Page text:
Schmidt is a former White House security advisor to George W. Bush with extensive career spells at eBay and Microsoft. He certainly has the diplomatic skills and technical knowledge to fulfill the role, but his selection comes after months of dithering and inaction on an appointment, raising questions of its own.
Schmidt at a recent London information security conference
Obama declared cyber security a priority and ordered a broad review ten months ago. Melissa Hathaway, who recommended the creation of a cybersecurity czar after running the two month review for the Obama administration, resigned as an Obama advisor back in August after losing her earlier interest in becoming White House cybersecurity chief.
Delays in naming a cybersecurity coordinator, together with speculation that other candidates - including Microsoft's Scott Charney and Congressman Tom Davis - had turned down the job, increased the feeling that the role would come with responsibility but no power. For one thing, the cybersecurity chief will be obliged to report to both the National Security Council and the National Economic Council.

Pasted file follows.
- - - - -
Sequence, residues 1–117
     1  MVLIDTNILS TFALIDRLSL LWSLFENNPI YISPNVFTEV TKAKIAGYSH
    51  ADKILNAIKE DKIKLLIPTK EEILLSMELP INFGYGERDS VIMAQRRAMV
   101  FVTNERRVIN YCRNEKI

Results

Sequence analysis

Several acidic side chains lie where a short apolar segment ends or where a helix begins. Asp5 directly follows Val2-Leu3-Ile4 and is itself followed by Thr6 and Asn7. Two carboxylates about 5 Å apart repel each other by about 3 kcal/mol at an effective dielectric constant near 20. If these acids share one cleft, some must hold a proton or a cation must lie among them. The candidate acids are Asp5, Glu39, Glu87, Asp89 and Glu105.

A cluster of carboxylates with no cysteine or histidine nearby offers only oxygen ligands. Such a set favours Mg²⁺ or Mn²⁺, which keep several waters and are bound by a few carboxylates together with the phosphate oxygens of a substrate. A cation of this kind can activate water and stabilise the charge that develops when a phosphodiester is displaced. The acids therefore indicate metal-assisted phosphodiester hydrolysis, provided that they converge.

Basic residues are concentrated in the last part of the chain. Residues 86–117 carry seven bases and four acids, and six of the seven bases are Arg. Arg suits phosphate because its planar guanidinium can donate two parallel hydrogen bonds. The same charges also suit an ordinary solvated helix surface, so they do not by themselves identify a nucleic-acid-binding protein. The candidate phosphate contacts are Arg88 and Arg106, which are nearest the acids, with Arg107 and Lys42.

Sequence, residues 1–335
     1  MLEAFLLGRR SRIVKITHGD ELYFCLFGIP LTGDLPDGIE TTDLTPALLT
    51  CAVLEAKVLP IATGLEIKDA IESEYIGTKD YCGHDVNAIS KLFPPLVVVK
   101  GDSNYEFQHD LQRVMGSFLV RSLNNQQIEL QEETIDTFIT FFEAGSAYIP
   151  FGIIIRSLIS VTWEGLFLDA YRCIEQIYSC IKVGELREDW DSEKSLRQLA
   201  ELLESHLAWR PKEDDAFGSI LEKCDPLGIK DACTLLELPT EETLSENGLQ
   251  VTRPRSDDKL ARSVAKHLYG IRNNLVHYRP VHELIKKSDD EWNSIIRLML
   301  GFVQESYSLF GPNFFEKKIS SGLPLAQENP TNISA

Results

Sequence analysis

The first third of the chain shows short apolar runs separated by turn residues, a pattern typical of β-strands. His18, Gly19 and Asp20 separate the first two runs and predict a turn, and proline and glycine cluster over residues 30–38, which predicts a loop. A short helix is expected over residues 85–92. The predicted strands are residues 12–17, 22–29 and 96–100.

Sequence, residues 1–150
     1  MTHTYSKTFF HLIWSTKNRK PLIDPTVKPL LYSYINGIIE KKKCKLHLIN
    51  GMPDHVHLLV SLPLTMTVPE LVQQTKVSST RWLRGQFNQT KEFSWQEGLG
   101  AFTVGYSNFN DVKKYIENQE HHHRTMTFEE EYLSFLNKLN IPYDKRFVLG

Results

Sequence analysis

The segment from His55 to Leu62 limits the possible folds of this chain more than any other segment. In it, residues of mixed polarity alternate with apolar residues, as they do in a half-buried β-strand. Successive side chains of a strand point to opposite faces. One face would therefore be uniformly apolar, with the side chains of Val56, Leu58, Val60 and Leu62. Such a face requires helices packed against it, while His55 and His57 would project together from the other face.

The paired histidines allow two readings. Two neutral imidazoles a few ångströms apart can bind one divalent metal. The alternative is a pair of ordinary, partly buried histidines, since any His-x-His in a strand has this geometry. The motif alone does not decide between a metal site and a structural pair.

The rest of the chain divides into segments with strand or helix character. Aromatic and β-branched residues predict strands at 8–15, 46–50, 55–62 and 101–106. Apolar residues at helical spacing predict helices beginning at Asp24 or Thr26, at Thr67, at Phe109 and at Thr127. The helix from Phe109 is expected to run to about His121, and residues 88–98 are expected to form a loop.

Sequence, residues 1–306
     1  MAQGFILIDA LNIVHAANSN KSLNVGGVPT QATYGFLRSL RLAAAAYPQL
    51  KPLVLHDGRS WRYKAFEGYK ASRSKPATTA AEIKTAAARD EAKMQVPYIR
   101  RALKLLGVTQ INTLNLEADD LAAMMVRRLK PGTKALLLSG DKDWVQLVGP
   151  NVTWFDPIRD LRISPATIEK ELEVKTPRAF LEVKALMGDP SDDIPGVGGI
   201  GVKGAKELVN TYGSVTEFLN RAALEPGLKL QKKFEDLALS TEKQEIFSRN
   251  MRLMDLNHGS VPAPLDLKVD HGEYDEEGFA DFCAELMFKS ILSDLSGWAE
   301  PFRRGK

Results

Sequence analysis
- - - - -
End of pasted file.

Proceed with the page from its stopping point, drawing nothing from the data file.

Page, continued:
Schmidt faces a huge swathe of problems, including formulating an updated strategy for defending critical national infrastructure (utilities, transport, banking etc.) from hacking attacks, as well as a plan for raising consumer awareness about risks such as scareware and phishing. He will have to negotiate a political minefield to get anything done, not least because several agencies (including the Pentagon and Department of Homeland Security) are vying for alpha male status in defining federal cybersecurity strategy.
A White House statement on Schmidt's appointment can be found here. ®